Zuckerberg-Funded AltSchool Expands to Chicago


An experimental private school with a focus on technology and backed by Facebook founder Mark Zuckerberg is expected to expand its locations, opening its first Midwestern school in Chicago’s Lincoln Park neighborhood.

Based in San Francisco, AltSchool is expected to work with the Chicago firm Centrum Partners in the development of a K-8 school that will be able to enroll as many as 150 students.  The school has received approval to open for the 2017-18 school year, and could become an anchor for a network of 7 or 8 “micro-schools” located throughout the city.

AltSchool believes its new technology and teaching methods could benefit the education system on a broad scale.

“We’re excited to see a different kind of geography, such as Chicago, that has tremendous character in terms of the city [and] a very different set of challenge and opportunities,” said AltSchool CEO and founder Max Ventilla.

The for-profit private school currently comes with a price tag of $20,000 per year, with four locations across San Francisco as well as schools in Palo Alto and Brooklyn that opened this fall.  With another location set to open in Manhattan in 2016, the Chicago school will be the first to not be on a coast.  Ventilla said Chicago was chosen after an extensive search for a city that represented a cross section of the country that holds similar viewpoints in terms of education and the importance of community.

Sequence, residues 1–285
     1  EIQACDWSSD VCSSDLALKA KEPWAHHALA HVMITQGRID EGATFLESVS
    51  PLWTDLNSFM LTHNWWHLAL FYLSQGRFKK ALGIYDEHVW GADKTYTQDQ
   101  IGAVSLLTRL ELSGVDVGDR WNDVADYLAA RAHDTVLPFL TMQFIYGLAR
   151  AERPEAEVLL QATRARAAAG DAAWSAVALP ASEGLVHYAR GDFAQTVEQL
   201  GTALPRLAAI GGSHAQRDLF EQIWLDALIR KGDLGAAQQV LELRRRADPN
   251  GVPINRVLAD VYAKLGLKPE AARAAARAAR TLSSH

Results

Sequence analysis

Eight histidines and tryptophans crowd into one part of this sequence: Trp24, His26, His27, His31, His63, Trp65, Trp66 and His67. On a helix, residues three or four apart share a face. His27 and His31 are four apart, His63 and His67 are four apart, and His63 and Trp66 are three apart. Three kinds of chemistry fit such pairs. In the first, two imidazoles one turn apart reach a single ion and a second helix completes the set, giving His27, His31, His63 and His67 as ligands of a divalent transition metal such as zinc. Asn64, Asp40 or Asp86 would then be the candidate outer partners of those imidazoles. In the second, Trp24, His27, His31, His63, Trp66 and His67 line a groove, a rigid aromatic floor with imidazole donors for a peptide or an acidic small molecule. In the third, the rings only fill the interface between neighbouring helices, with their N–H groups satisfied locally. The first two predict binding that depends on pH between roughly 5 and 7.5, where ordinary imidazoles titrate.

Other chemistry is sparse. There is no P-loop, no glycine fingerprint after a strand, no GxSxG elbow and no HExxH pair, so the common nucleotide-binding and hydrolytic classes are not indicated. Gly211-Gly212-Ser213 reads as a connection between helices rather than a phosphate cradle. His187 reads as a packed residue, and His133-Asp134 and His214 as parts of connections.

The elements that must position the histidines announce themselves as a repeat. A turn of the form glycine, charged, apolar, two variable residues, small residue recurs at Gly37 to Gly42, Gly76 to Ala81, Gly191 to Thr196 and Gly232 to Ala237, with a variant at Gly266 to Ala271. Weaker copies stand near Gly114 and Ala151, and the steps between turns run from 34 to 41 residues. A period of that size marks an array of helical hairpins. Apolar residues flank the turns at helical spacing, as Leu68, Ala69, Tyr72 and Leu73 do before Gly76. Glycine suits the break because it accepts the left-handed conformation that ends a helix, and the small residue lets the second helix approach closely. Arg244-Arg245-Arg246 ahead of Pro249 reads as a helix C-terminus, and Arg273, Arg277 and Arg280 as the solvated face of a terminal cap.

“I think Lincoln Park is just a strong urban community that cares a lot and is involved, that is attractive to us,” said AltSchool’s Ethan Warsh, who works with real estate acquisition for the startup.  “There’s a lot of young families…it is one of our goals to have a neighborhood school where we are serving an immediate community.”

The location will open for the 2017-18 school year with 75 students.  Although it has the capacity to enroll 150, the school would like to ease into the transition with fewer students to begin with.  The school will be placed on the second level of a two-story building with a playground on the rooftop, writes Karis Hustad for Chicago Inno.

Founded in 2013, the school was created as an experimental model of education combining technology with learning tailored to each individual student.  Students of all ages are combined into classes that focus on real world experiences and offer a constant feedback loop of educators, engineers and the students themselves.  At the same time, education technology tools and practices will be tested.

The startup raised $100 million during a Series B funding round this year led by Founders Fund, and included Mark Zuckerberg and Priscilla Chan, Andreesson Horowitz, First Round Capital, and Learn Capital.  The school plans to use that money in its efforts to expand upon its locations, with enrollment expectations reaching 500 students this year.